Lakeland Commission Bryan McNabb supports police sergeant fighting to keep his job
Commission wants city manager to talk to SA
6:33 PM, Nov 4, 2013
8:51 AM, Nov 5, 2013
LAKELAND, Fla. - The Lakeland City Commission is standing behind a police sergeant who is fighting to keep his job.
The police union president spent the first part of Monday's city commission's meeting explaining why the board shouldn't fire Sgt. Bryan McNabb.
McNabb was connected to the department wide sex scandal that brought down more than 20 officers.
Internal affairs could not prove what crime analyst Sue Eberle claimed -- that McNabb forced her to touch him and he showed her lewd photos of himself.
Despite being cleared in the scandal, State Attorney Jerry Hill sent him what's called a "death letter", a potentially career ending letter that said he will no longer use his testimony because he lied in the investigation.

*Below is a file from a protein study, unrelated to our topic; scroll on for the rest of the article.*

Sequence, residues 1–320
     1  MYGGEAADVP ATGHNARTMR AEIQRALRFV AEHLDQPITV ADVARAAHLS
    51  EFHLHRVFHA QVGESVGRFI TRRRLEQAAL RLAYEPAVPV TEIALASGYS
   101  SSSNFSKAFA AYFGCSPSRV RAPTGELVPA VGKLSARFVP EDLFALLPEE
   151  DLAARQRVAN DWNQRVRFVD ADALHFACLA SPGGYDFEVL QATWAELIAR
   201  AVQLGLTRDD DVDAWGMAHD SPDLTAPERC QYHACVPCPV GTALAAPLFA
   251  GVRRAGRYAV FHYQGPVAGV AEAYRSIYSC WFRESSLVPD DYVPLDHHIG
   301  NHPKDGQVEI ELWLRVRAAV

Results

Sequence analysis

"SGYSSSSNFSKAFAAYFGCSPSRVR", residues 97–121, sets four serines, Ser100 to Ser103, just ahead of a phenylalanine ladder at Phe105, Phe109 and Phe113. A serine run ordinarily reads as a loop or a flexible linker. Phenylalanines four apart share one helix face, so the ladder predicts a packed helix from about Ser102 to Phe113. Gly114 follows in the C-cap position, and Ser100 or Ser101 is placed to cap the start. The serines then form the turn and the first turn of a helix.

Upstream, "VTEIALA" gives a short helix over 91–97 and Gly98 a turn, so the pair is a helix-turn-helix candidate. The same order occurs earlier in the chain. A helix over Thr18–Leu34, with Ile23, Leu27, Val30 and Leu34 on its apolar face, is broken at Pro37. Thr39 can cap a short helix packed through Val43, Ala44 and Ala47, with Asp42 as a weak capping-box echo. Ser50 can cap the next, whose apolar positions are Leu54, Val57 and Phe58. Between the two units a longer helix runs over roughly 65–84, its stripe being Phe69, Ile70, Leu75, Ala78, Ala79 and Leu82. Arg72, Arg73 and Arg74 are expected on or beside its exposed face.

McNabb declined to take a polygraph and would not hand over his personal phone.
"That's what he's basing his information on: a phone and a polygraph, and uncorroborated evidence," argued Nick Marolda, president of the union that represents Lakeland police officers.
Marolda described McNabb as "not your average cop" to the city commission on Monday, expressing how important it is for the community for him to get back on the streets.
Right now he can't even where the police uniform, let alone investigate cases. If Hill doesn't change his mind about McNabb's testimony, he'll likely lose his job since officers need to be called as witnesses.
"You lose your standards, you're done. You can't be a cop," Marolda said.
One by one, city commissioners stood behind the sergeant. They unanimously agreed to have City Manager Doug Thomas go talk to State Attorney Hill.
"We have a good cop who can't be a good cop," said Commissioner Justin Troller.
"I say we put him back on the streets and throw the ball back in Mr. Hill's court."
McNabb spoke briefly with reporters after the meeting. He believes Hill made a mistake by sending the letter, but said he forgives him.
He's hopeful the city commission can save his job.
"I couldn't be happier," he said. "That's the commission that I expect form Lakeland."